Billups: This only gets harder in the store where all of the standard tools of one-to-one engagement online get far harder to measure. In-store is about lower funnel and upper funnel. It's imperative that brands break down their silos to allow digital marketing and commercial teams to work together to understand how the funds are best utilized and measured in-store.

P2PI: What is and isn't possible with in-store media from a measurement standpoint? 

Billups: There is a lot that is possible, much of it dependent on the type of media deployed — display versus interactive. The really interesting thing is that with first-party data layered on our sensor technology, we can now understand the shopper journey — where they went, what they saw, what they bought (and what didn't they buy). Added to loyalty, and [point of sale], and we can build a robust shopper graph that provides many analytical insights and effectiveness measures.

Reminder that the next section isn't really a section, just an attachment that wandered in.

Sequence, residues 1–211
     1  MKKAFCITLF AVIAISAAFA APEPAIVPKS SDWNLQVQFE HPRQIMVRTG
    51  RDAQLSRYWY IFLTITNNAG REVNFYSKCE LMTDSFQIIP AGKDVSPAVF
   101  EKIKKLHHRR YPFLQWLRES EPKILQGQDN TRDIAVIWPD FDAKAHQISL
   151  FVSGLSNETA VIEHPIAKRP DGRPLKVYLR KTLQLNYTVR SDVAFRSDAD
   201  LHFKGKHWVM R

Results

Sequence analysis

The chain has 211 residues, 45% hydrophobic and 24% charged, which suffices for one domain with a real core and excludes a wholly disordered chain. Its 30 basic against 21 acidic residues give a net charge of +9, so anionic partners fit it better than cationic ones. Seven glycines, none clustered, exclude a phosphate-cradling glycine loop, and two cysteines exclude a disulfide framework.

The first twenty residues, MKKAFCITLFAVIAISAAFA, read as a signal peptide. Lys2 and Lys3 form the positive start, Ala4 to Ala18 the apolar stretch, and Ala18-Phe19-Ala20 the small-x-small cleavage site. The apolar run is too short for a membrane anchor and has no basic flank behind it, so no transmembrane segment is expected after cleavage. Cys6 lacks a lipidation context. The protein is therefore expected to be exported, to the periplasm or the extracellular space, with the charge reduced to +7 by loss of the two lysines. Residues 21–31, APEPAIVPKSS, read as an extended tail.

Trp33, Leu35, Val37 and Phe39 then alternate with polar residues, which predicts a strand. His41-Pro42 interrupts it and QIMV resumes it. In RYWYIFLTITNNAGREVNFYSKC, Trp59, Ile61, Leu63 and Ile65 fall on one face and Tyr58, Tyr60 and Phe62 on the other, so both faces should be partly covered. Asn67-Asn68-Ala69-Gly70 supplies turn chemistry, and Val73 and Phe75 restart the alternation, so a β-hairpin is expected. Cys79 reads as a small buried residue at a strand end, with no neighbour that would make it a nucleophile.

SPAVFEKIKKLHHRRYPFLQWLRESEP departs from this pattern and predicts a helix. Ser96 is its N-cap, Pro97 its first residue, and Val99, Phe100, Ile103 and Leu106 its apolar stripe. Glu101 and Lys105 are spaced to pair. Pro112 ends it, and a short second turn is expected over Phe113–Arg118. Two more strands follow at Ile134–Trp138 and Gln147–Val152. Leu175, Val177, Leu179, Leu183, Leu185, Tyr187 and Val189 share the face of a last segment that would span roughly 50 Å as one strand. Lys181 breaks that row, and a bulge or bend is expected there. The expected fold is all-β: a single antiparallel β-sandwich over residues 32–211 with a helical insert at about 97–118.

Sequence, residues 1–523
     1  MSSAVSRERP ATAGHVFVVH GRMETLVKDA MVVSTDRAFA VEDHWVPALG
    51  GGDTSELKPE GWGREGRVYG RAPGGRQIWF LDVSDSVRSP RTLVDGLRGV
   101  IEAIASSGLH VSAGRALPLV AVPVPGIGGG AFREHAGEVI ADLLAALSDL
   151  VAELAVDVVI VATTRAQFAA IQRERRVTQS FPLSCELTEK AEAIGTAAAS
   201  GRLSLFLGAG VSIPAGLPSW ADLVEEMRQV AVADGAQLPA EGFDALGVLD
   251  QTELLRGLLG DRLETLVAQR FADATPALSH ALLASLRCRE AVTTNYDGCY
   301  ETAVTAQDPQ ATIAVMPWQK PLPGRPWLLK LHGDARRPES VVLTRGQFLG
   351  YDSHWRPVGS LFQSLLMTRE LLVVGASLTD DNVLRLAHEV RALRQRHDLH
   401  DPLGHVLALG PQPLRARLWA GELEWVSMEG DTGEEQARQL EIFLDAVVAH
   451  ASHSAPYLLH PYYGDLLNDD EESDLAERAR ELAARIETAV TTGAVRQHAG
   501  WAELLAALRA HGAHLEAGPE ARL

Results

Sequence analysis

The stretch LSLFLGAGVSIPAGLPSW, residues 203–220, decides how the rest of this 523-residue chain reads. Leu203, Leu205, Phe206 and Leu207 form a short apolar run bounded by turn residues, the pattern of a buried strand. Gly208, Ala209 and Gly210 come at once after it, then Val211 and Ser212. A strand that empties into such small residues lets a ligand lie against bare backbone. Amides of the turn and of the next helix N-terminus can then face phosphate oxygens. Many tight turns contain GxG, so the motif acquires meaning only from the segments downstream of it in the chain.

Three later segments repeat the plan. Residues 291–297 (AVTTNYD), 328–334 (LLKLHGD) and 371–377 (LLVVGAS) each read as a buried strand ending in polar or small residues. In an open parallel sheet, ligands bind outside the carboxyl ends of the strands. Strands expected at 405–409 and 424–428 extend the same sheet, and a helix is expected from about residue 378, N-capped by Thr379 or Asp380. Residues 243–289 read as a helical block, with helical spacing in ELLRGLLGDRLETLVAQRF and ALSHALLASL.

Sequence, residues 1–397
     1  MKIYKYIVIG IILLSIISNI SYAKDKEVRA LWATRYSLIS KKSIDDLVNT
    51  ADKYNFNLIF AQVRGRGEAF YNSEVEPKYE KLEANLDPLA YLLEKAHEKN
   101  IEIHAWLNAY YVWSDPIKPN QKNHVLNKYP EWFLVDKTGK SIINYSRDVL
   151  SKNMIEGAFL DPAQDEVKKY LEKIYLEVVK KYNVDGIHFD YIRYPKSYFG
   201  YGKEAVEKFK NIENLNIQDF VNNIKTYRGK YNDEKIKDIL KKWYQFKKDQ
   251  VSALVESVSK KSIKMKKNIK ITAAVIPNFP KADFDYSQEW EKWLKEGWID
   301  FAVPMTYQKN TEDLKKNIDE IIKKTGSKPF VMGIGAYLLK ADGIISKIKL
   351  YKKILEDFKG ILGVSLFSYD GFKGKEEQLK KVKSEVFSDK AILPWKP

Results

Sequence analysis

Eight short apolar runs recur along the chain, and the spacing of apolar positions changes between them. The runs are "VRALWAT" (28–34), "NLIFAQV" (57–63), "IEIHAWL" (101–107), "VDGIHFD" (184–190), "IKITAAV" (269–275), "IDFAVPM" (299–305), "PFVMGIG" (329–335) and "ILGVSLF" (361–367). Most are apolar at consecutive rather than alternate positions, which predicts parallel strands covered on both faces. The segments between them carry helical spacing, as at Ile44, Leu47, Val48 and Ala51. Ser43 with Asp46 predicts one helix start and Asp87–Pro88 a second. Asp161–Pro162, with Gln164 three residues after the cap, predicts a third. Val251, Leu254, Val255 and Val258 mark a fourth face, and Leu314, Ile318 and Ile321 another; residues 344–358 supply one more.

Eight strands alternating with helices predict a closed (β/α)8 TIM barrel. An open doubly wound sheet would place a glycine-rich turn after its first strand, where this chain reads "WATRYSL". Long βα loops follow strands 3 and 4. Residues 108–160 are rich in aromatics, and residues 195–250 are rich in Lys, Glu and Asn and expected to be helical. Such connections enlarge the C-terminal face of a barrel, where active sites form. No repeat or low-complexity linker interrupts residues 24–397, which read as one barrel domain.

P2PI: Many remember that scene in the 2002 film “Minority Report” where Tom Cruise's character is walking around and getting served personal ads. In reality, what does personalization mean in the store and what can and can't be done?